We need air to live. We breathe an average of 15,000 litres of air every single day. The quality of the air we breathe can affect our health. In fact, the European Commission estimates that the average life expectancy in Europe could be one to two years lower in regions with the highest levels of pollution.
Globally, in 2012, 4.3 million premature deaths were traced back to air quality. In France, poor air quality is the 3rd leading cause of preventable death after tobacco and alcohol.
The number of people suffering from allergies has also doubled in the last 15 years. In France, more than 4 million people now live with asthma and
50,000 people suffer from severe respiratory insufficiency.
While everyone is affected, some people are more sensitive to air pollution. Pregnant women, children, the elderly and people with allergies are the most affected by poor indoor air quality.
The impact on pregnant women’s health
Pregnant women are all the more vulnerable and sensitive to air pollution as they breathe for themselves and their babies. Poor air quality can lead to complications for both mother and baby. Fine particles can enter the maternal respiratory system and cause the baby’s development to slow, particularly during the formation of the lungs and airways. The development of certain allergies as well as asthma can also be linked to poor air quality during pregnancy.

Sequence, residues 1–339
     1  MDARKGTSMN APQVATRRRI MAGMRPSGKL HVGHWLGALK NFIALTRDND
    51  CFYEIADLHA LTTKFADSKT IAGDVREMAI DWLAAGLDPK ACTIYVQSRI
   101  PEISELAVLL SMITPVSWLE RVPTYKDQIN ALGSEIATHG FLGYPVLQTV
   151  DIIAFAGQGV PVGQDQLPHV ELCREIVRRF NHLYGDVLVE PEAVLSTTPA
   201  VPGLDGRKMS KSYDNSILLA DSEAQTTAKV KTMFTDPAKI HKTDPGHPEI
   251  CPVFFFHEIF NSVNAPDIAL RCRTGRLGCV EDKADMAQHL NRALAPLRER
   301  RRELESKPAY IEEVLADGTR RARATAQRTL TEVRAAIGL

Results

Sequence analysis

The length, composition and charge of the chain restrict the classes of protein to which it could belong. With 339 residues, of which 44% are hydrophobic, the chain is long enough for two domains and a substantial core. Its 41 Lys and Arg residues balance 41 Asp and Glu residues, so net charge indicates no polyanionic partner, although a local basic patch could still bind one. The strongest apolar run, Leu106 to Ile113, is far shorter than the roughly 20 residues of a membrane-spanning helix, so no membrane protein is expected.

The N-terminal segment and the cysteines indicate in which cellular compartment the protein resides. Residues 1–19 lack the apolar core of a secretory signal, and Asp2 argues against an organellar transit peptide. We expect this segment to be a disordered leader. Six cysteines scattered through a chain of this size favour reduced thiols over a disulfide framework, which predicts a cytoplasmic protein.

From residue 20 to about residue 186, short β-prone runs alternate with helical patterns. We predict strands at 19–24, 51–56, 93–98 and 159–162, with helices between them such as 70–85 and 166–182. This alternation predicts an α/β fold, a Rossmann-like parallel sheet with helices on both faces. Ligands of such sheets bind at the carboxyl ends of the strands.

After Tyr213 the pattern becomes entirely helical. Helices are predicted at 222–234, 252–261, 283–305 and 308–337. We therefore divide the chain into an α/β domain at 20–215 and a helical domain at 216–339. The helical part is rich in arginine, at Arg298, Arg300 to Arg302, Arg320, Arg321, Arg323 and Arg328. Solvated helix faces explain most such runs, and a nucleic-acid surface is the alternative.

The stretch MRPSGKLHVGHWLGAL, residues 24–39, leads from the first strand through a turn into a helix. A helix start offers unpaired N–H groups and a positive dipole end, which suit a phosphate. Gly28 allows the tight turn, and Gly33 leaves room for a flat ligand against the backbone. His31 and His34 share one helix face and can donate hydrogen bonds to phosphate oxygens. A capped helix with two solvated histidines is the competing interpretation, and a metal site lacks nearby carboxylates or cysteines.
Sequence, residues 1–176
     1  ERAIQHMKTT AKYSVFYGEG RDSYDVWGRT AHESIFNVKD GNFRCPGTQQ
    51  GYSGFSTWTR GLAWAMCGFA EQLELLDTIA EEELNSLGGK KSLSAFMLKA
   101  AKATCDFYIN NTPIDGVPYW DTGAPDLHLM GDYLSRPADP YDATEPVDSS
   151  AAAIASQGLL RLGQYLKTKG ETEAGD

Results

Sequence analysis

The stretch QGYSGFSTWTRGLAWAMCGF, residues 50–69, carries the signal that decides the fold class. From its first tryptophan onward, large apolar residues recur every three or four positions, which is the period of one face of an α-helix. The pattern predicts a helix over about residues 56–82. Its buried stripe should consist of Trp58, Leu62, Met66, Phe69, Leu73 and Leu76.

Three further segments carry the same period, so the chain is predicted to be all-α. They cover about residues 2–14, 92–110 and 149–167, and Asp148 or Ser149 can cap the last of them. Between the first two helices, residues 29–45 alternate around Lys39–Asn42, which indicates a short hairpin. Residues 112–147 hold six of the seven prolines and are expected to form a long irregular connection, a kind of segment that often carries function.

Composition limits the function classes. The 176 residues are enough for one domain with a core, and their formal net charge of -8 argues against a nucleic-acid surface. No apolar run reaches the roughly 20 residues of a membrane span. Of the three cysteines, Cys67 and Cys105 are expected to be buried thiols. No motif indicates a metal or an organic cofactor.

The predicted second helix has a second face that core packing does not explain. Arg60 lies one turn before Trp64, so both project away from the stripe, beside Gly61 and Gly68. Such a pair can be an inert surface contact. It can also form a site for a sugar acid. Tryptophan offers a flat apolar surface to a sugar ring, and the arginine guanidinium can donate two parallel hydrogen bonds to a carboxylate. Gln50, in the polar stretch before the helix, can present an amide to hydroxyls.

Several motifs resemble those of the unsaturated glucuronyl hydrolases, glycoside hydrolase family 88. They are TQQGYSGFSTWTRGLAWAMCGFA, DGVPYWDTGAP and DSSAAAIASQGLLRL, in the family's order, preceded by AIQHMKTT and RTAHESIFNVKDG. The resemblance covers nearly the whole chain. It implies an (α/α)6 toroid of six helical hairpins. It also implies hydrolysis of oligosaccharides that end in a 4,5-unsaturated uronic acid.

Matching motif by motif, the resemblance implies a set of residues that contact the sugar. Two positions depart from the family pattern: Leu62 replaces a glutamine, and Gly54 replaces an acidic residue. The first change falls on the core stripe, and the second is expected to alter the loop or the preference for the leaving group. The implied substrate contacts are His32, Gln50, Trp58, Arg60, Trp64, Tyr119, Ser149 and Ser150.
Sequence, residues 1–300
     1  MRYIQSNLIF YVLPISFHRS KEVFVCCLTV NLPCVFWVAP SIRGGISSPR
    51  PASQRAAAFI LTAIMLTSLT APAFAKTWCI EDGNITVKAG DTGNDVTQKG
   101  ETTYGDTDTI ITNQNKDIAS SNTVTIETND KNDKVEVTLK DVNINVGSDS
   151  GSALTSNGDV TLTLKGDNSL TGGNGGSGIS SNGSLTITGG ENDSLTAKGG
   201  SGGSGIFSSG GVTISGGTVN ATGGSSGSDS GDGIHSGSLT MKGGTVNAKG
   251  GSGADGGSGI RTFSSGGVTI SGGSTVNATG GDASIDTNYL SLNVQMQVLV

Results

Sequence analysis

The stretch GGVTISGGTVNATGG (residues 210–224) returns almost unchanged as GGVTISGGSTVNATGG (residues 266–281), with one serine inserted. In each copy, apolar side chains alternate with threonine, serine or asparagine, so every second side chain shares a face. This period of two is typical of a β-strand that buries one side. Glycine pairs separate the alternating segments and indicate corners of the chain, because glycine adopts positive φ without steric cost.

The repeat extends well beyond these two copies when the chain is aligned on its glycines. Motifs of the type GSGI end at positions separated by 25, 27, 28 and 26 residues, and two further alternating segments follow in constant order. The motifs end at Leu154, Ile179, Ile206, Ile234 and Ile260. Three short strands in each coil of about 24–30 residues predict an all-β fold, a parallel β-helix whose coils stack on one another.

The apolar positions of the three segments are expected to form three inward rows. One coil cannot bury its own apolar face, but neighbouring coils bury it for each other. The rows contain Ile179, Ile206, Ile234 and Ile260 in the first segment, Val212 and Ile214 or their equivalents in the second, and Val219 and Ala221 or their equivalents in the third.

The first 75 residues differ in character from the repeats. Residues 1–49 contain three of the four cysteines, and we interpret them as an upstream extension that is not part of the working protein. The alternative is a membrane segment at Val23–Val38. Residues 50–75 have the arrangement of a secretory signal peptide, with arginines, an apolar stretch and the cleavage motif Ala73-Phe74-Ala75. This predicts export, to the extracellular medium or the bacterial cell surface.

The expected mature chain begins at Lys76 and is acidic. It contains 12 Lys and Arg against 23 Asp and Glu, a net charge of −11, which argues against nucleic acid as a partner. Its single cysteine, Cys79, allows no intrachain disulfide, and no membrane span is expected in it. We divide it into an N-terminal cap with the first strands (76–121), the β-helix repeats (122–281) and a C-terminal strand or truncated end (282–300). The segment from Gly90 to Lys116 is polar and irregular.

The impact on children’s health
When we are born, our lungs are not yet fully formed: they will continue to develop until we are about 8 years old. What’s more, children breathe about twice as fast as adults. If the air is polluted, they will breathe in twice as much pollution.
These two factors make children more sensitive and vulnerable to air pollution.
Living in a purified environment with a limited concentration of air pollutants can prevent a child’s body from becoming saturated and developing allergies or asthma.
In addition, children with allergies or asthma will be directly impacted by air quality because high levels of air pollutants can trigger attacks of varying severity.
The impact on the health of the elderly
Older people are doubly vulnerable to air pollution: firstly, as their bodies are less well protected, they react more strongly to air saturated with pollutants; secondly, older people, especially those living in residential care homes for the elderly (EHPAD), spend most of their time indoors, where the air is more laden with pollutants than it is outdoors.
In addition, the elderly often have pre-existing conditions, such as cardiovascular or respiratory diseases, that make them more sensitive to air pollution.
People with allergies and/or asthma who are sensitive to air quality
Pollutants in the air (volatile organic compounds, fine particles, pollen, etc.) are also aggravating factors in asthma and respiratory allergies.
For example, people with asthma or allergies have been identified as being more sensitive to air pollution, as have people with respiratory insufficiencies.
Air quality, does it affect everyone?
Finally, in some healthy people, even the slightest increase in the concentration of air pollutants can cause coughing and throat or eye irritation, while others will experience these symptoms only at much higher pollution levels, if at all. We are not all equal when it comes to pollution.
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